Back to the Future. The Return of Retro Tech

Posted 30th November 2023 by Tejan Pereira

Technology used to have a very distinctive “look”.  Remember all those cloudy blue skies, water bubbles, and random fish that lived on our computer screens?  That singular aesthetic is known as Frutiger Aero and was the “[dominant] tech aesthetic between 2005 and 2013” being the standard of Microsoft, Apple and Nintendo.  

Frutiger Aero

This graphic style became the default for new technology launched during this period.  Apparently it sought to convey the “optimistic utopia” that new technology would push us towards, a future of large-scale technological adoption that would lead society towards the promised land.  And there you were thinking it was just some nice colourful fields. 

Being the gluttons for nostalgia that we are, it’s back.  Along with noughties dress sense and digital cameras under our Christmas trees.  So some of the biggest trends of 2023 are actually the trends of 2007.  Retro is on the rise.

In what now feels like a canonical event in contemporary human history, on January 9th 2007 Steve Jobs took to the stage at Macworld Expo in San Francisco and announced the launch of the first generation iPhone.  In his 80 minute presentation, Jobs famously described the iPhone as a “revolutionary product that [will] come along…and change everything.’  Not only were his words largely true, but they also seem an apt representation of the new vision technology was to have in our lives.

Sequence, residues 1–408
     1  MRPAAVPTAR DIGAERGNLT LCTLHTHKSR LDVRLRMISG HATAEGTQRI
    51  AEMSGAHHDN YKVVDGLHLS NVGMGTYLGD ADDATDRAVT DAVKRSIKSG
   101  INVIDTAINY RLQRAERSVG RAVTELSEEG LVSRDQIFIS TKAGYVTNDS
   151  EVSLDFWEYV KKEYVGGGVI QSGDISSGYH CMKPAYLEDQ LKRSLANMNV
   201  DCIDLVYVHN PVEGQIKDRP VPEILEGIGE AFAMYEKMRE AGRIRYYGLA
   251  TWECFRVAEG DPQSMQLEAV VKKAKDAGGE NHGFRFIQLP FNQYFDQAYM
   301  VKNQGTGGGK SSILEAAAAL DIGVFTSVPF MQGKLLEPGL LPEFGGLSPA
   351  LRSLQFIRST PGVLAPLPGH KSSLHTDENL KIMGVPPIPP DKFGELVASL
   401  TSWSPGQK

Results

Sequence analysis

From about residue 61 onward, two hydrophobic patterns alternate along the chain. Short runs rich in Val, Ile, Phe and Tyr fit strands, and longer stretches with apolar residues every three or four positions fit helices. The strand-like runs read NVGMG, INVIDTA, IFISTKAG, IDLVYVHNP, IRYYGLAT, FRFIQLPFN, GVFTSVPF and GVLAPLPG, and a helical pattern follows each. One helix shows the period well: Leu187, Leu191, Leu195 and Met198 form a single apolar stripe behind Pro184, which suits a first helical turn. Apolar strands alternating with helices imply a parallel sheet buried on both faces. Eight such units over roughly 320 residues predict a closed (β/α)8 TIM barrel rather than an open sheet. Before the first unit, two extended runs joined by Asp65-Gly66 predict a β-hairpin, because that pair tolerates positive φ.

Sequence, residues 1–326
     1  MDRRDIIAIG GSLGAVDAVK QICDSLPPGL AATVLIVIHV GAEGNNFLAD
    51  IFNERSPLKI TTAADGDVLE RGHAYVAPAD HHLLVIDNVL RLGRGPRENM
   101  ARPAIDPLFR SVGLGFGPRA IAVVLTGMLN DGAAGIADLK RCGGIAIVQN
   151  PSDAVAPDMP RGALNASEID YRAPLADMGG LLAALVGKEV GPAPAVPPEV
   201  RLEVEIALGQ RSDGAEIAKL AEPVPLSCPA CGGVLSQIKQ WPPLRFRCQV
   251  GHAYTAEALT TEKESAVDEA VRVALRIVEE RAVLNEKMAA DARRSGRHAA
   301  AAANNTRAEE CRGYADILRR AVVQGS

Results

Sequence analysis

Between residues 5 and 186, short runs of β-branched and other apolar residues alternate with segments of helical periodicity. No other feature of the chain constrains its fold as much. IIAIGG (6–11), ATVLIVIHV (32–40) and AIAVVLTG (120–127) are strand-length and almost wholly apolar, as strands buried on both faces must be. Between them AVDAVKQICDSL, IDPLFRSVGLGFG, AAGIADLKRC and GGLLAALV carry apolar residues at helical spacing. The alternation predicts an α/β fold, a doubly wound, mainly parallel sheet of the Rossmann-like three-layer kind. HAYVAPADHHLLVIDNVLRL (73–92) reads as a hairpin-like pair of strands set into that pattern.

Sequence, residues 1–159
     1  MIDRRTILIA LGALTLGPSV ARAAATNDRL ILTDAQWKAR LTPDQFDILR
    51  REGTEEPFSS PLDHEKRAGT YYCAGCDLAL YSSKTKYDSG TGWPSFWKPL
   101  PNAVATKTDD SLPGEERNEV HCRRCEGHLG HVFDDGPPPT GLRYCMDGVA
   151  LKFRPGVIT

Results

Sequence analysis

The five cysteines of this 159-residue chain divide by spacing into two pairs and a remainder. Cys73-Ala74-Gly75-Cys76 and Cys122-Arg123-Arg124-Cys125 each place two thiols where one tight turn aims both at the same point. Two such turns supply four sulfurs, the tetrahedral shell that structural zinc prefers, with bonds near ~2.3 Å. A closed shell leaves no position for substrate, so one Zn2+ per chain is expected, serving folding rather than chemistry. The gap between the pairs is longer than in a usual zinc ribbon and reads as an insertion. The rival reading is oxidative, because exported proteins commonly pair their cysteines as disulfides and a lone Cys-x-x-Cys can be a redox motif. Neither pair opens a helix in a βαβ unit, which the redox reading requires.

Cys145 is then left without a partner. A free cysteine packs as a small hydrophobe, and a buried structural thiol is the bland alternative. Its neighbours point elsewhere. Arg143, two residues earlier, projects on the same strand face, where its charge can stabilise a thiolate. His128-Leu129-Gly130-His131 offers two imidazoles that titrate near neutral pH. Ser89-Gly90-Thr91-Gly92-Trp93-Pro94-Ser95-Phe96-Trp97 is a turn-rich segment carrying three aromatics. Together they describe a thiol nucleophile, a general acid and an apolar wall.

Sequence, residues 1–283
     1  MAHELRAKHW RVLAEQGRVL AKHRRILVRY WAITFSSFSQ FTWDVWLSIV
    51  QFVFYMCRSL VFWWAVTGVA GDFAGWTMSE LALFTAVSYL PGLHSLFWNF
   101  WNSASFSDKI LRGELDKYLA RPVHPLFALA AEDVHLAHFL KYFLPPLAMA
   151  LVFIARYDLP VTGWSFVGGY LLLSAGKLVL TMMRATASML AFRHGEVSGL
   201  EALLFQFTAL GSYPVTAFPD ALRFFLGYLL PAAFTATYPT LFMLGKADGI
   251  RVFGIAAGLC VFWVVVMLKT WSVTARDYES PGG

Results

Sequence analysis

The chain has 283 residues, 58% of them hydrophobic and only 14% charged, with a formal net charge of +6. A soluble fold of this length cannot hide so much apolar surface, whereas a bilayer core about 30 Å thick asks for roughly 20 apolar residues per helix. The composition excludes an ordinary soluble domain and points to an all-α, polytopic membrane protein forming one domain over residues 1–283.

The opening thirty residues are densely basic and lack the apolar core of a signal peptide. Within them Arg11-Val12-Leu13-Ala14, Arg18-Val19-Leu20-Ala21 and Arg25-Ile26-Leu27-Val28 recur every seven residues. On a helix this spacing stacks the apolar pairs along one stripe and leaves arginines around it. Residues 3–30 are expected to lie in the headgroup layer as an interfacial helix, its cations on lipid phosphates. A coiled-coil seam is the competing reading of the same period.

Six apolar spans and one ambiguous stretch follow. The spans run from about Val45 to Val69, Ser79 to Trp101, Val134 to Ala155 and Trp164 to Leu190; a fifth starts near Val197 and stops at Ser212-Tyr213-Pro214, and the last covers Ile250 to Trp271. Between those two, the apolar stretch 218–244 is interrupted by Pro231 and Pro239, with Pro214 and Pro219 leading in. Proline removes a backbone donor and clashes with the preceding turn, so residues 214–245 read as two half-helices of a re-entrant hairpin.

Steve Jobs Iphone 1

Aside from the iPhone, 2007 saw the launch of Airbnb, The Kindle, Twitter, as well as the global adoption of Facebook. All of which changed and improved our lives in material ways, from our travel habits to the ways we communicate with our friends.

As expected, there was backlash to this tide of technology. In an article in the Independent from 2008, a columnist bemoans the rise of the SatNav fearing the navigation device would result in the erasure of our sense of direction, the “human right to get lost” and the A-Z map.  Whilst physical maps never really came back into the mainstream, it’s worth exploring whether other parts of our “physical” society met the same fate against their tech challenger.


The Book v The E-Reader

In 2007, in line with the launch of the Kindle or Book 2.0 as it was referred to, Jeff Bezos described the physical book as the “the last bastion of analog” and grandly proclaimed that the Kindle was to “change the way people read.”  And four years later, it seemed that his prophecy had come true, with Amazon selling more digital books than hardcover books for the time in its history.

So skipping to the last page, the Kindle ended up killing off the book, right?  Actually the numbers give a very different reading.  In 2022, the UK publishing industry reported a record-breaking year, with the “analog” book doing better than ever.